At any rate, all these antagonisms are now being channelled through the issue of police repression, because that seems to be set up as the immediate obstacle to the achievement of other objectives. The police crackdown produced a backlash and an outcry sufficient to grab international news attention
. We have seen some frenzied police violence against teenagers during previous student protests. We have seen a student hospitalised with a serious head injury, then victimised for months and months by Metropolitan Police. However, the occupations were generally left alone, and it was down to university management to handle them. For an occupation to be busted up in this manner is new and clearly an attempt to set a new precedent. So it's important that this is answered.
A national day of action
is planned for next Wednesday. The usual exhortations apply - join in, bring people, spread the word. But there's a hard question we need to start asking ourselves now. Suppose there is a large student protest next Wednesday - large by British standards, I mean. In this country, that could be anything from 10,000 up. And given that this is being supported by small protest groups via social media, rather than a major institution such as the NUS or UCU, such a turnout would not be insignificant. What then? The immediate objective of 'sending a message' (i.e. demonstrating that the police cannot repress and crush student protest into non-existence) having been achieved (or not), will it be satisfactory if the momentum once again drains and people filter back onto their campuses and return to whatever micro-campaigns they were engaged in before?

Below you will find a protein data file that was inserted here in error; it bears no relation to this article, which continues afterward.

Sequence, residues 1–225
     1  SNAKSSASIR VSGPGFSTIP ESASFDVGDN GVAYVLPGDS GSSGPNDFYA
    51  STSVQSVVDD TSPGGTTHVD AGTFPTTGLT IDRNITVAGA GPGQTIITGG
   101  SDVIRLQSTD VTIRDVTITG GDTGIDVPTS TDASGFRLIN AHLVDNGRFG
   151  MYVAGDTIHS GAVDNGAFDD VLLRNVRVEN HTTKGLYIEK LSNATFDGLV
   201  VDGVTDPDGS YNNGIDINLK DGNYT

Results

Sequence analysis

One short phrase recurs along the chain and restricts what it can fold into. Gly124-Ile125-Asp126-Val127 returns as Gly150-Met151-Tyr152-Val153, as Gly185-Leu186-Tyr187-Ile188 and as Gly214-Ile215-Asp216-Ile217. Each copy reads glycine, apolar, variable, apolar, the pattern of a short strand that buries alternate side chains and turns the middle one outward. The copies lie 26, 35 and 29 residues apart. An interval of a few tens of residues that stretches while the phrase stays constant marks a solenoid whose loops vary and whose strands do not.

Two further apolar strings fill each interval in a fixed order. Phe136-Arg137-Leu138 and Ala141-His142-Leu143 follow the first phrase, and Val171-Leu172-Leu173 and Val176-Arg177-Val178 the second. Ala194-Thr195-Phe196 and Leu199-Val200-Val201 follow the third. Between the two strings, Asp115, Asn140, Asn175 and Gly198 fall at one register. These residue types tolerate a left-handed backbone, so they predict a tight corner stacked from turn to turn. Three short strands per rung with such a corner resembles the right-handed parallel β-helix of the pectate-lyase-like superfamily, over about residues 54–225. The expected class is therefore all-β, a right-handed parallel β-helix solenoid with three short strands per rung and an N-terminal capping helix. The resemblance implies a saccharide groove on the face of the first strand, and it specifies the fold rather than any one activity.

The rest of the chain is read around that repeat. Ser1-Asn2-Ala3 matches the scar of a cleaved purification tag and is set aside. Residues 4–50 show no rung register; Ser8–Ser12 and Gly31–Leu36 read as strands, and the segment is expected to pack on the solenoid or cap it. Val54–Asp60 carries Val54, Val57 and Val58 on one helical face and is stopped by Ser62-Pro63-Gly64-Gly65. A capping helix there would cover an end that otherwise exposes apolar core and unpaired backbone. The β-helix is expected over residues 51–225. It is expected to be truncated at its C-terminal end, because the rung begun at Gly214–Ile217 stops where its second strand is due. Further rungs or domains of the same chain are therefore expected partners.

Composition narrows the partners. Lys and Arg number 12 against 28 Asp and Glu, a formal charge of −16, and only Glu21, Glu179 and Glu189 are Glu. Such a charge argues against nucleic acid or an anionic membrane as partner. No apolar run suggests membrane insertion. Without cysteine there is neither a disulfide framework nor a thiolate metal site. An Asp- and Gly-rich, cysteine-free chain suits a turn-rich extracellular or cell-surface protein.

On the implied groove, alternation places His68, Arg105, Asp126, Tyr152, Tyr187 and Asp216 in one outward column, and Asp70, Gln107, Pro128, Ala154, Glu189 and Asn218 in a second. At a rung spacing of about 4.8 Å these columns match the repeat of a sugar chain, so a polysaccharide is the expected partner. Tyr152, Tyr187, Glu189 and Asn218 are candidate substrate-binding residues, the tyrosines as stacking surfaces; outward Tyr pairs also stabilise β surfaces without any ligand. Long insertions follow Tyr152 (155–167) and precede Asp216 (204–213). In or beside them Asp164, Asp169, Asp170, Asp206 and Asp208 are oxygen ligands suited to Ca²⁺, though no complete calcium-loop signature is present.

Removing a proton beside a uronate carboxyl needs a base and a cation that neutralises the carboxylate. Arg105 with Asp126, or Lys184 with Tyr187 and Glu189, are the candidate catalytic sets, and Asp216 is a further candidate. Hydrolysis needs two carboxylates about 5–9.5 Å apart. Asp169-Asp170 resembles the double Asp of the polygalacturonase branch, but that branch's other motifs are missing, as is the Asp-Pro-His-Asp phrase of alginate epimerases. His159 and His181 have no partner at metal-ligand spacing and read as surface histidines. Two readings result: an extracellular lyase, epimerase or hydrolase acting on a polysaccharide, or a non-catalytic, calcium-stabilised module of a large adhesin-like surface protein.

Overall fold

It seems obvious to me: that as presently organised these campaigns are less than the sum of their parts and therefore there is a need to draw them together at a national level; that they should be linked through the development of a real grassroots democratic infrastructure which outlasts each particular moment of protest (obviously, I'm thinking of Quebec here); that the NUS, even if it can't be abandoned as a terrain of action, is not the forum in which such a democratic infrastructure can be developed; and that the existing 'campaigns' and 'networks' are either fronts for far left groups or ineffectually narrow in other ways. We surely need a national, democratic body in which the most politicised students, whatever their specific background, can operate and organise. A militant student forum, if you like. Of course, just because all this seems obvious to me is no reason why anyone should pay the slightest attention. I could be talking through my hole: it's been known to happen. However, if I was the sort to attend meetings, and rabble rouse and run around with protesters, I would strongly argue that existing groups of student activists coalesce around the idea of calling a national meeting for students to launch such an initiative.